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Our Savior Complex



In the rich mosaic of human spirituality and belief, the concept of a savior forms a central pillar in many religions, symbolizing hope, renewal, and deliverance from suffering. This universal longing for a messianic figure—a divine intervention to usher in an era of peace and righteousness—is a testament to humanity's enduring quest for meaning and salvation. Yet, juxtaposed against this backdrop of waiting for external redemption stands the ancient figure of Hecate, the Greek goddess "Soteira" or Savior, whose teachings offer a profound lesson in the power of self-guidance and inner transformation.


In Christianity, believers await the Second Coming of Jesus Christ, prophesied to return and fulfill the promise of eternal peace. Islam speaks of the Mahdi and Isa (Jesus), figures of ultimate justice and righteousness destined to lead humanity in its final days. Judaism awaits the Messiah, a leader who will bring about universal harmony and a divine kingdom on Earth. Similarly, in Buddhism, the future Buddha, Maitreya, is anticipated to emerge and spread teachings of pure dharma.

Amid these visions of future saviors, the figure of Hecate from Greek mythology presents a different kind of salvation. As the goddess of magic, crossroads, and the moon, Hecate's protection and enlightenment are sought in more immediate, personal matters. Her role as Soteira emphasizes not a grand cosmic event but the day-to-day guidance and empowerment of individuals facing life's crossroads. Unlike the passive waiting for a messiah, Hecate's followers sought her aid in navigating their challenges through their own actions, illuminated by her light.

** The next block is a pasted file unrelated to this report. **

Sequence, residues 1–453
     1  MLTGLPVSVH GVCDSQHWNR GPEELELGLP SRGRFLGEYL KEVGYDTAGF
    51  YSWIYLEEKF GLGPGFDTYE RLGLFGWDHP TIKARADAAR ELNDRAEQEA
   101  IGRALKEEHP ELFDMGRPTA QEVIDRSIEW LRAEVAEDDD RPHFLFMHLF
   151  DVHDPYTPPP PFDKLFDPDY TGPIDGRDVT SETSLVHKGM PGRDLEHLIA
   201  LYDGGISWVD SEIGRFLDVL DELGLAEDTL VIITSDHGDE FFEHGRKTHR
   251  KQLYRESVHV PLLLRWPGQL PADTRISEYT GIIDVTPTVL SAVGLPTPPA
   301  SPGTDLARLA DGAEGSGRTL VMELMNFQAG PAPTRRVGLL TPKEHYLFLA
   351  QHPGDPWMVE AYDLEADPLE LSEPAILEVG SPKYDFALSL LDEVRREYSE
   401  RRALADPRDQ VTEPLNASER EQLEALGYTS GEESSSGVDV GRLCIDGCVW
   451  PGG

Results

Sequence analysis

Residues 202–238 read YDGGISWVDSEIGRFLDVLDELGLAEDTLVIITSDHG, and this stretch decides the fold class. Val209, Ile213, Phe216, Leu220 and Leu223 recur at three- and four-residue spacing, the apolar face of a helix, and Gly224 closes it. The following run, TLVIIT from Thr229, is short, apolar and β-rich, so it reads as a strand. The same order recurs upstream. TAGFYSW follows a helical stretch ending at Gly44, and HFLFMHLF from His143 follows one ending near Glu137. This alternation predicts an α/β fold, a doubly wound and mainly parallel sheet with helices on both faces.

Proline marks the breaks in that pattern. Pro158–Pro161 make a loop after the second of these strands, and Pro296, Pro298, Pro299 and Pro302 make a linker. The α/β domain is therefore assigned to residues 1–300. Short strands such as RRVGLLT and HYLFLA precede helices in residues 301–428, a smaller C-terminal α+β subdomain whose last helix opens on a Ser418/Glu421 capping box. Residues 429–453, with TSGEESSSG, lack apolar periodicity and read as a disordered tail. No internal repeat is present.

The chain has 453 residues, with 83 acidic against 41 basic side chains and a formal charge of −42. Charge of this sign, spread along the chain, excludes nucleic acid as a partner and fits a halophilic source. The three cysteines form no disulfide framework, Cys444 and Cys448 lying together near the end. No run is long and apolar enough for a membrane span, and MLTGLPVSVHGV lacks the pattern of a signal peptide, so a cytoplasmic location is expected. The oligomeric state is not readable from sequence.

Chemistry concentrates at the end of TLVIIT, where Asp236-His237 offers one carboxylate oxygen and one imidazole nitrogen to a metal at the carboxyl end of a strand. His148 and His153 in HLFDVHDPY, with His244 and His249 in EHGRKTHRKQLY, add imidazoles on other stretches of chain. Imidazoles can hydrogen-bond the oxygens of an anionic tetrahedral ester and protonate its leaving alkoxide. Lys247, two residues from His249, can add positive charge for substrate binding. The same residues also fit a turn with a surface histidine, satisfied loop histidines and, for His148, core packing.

The anticipation of a messianic figure in many religions often reflects a deeper psychological and spiritual yearning for guidance and salvation from beyond. This "savior complex" can sometimes overshadow the potential for personal growth and self-reliance, creating a mindset of passive waiting rather than active engagement with one's faith and personal journey.

Hecate's example offers a compelling counterpoint to this mindset. Her guidance inspires individuals to look within for strength and direction, emphasizing the importance of personal agency and the power of self-transformation. This perspective encourages believers and seekers alike to forge their path, using divine inspiration not as a crutch but as a beacon to light the way.


The narratives of awaiting saviors across various religions and Hecate's role as a guiding deity highlight a fundamental human desire for support and salvation, both from external forces and within. This duality suggests a complementary approach to spirituality, where the hope for a divine savior coexists with the recognition of one's inner capacity for change and resilience.

Embracing the lesson of Hecate in the context of modern spirituality invites a deeper engagement with our personal and collective challenges. It encourages us to balance our faith in external salvation with a commitment to self-awareness, personal growth, and the proactive shaping of our destiny. This balanced approach fosters a dynamic spirituality that empowers individuals to contribute actively to the betterment of the world while anchored in the hope and faith of their religious or spiritual beliefs.